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BackgroundAlcoholic cardiomyopathy (ACM) is defined by a dilated and impaired left ventricle due to chronic excess alcohol consumption. It is largely unknown which factors determine cardiac toxicity on exposure to alcohol.ObjectivesThis study sought to evaluate the role of variation in cardiomyopathy-associated genes in the pathophysiology of ACM, and to examine the effects of alcohol intake and genotype on dilated cardiomyopathy (DCM) severity.MethodsThe authors characterized 141 ACM cases, 716 DCM cases, and 445 healthy volunteers. The authors compared the prevalence of rare, protein-altering variants in 9 genes associated with inherited DCM. They evaluated the effect of genotype and alcohol consumption on phenotype in DCM.ResultsVariants in well-characterized DCM-causing genes were more prevalent in patients with ACM than control subjects (13.5% vs. 2.9%; p = 1.2 ×10-5), but similar between patients with ACM and DCM (19.4%; p = 0.12) and with a predominant burden of titin truncating variants (TTNtv) (9.9%). Separately, we identified an interaction between TTN genotype and excess alcohol consumption in a cohort of DCM patients not meeting ACM criteria. On multivariate analysis, DCM patients with a TTNtv who consumed excess alcohol had an 8.7% absolute reduction in ejection fraction (95% confidence interval: -2.3% to -15.1%; p < 0.007) compared with those without TTNtv and excess alcohol consumption. The presence of TTNtv did not predict phenotype, outcome, or functional recovery on treatment in ACM patients.ConclusionsTTNtv represent a prevalent genetic predisposition for ACM, and are also associated with a worse left ventricular ejection fraction in DCM patients who consume alcohol above recommended levels. Familial evaluation and genetic testing should be considered in patients presenting with ACM.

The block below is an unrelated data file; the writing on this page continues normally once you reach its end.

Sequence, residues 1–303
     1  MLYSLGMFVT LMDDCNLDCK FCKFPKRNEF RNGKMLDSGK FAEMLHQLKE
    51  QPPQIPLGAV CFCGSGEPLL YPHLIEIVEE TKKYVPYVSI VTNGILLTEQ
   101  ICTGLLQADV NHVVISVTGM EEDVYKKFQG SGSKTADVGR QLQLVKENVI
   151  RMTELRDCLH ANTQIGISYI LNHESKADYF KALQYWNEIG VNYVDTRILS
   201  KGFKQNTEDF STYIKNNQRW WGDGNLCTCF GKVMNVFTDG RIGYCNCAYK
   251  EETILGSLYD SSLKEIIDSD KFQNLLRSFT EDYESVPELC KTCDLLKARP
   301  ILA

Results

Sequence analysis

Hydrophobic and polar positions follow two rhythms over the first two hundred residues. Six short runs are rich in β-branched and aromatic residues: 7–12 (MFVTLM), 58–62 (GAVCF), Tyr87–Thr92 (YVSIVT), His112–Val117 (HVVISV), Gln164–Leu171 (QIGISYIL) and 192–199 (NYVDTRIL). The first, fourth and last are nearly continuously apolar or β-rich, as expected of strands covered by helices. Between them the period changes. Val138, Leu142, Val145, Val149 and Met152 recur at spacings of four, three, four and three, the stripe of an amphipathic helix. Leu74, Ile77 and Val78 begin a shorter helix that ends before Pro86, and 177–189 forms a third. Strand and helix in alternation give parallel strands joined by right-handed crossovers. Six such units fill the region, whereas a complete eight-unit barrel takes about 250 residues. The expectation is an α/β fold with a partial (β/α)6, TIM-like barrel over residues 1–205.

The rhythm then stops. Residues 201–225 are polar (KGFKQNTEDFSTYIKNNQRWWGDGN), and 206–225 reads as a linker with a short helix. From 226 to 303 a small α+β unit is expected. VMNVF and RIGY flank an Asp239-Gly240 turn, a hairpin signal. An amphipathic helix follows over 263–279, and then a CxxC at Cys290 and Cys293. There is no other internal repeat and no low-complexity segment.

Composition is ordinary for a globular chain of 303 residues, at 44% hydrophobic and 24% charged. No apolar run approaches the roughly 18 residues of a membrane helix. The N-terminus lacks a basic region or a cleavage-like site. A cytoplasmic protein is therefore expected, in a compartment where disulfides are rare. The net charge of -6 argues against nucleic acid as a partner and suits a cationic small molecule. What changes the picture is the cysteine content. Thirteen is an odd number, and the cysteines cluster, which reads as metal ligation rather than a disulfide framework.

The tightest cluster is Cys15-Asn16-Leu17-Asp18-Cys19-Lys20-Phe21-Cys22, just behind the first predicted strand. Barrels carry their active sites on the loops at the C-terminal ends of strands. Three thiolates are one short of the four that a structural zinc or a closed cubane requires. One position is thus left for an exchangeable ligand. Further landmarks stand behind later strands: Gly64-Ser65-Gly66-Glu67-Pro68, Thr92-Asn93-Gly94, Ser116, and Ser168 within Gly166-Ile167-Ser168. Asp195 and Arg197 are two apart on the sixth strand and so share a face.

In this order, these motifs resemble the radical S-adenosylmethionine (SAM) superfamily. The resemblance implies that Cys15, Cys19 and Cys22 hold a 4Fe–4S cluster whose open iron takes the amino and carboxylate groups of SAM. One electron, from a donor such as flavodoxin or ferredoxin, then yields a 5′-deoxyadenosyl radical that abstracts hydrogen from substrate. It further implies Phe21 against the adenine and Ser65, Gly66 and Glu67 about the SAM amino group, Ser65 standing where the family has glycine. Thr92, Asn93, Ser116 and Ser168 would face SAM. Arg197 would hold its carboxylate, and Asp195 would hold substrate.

Original publication

DOI

10.1016/j.jacc.2018.03.462

Type

Journal article

Journal

Journal of the American College of Cardiology

Publication Date

05/2018

Volume

71

Pages

2293 - 2302

Addresses

National Heart and Lung Institute, Imperial College London, London, United Kingdom; Cardiovascular Research Centre, Royal Brompton and Harefield NHS Foundation Trust London, London, United Kingdom; MRC London Institute of Medical Sciences, Imperial College London, London, United Kingdom.

Keywords

Humans, Cardiomyopathy, Alcoholic, Genetic Predisposition to Disease, Cohort Studies, Prospective Studies, Adult, Aged, Middle Aged, Female, Male, Self Report, Cardiotoxicity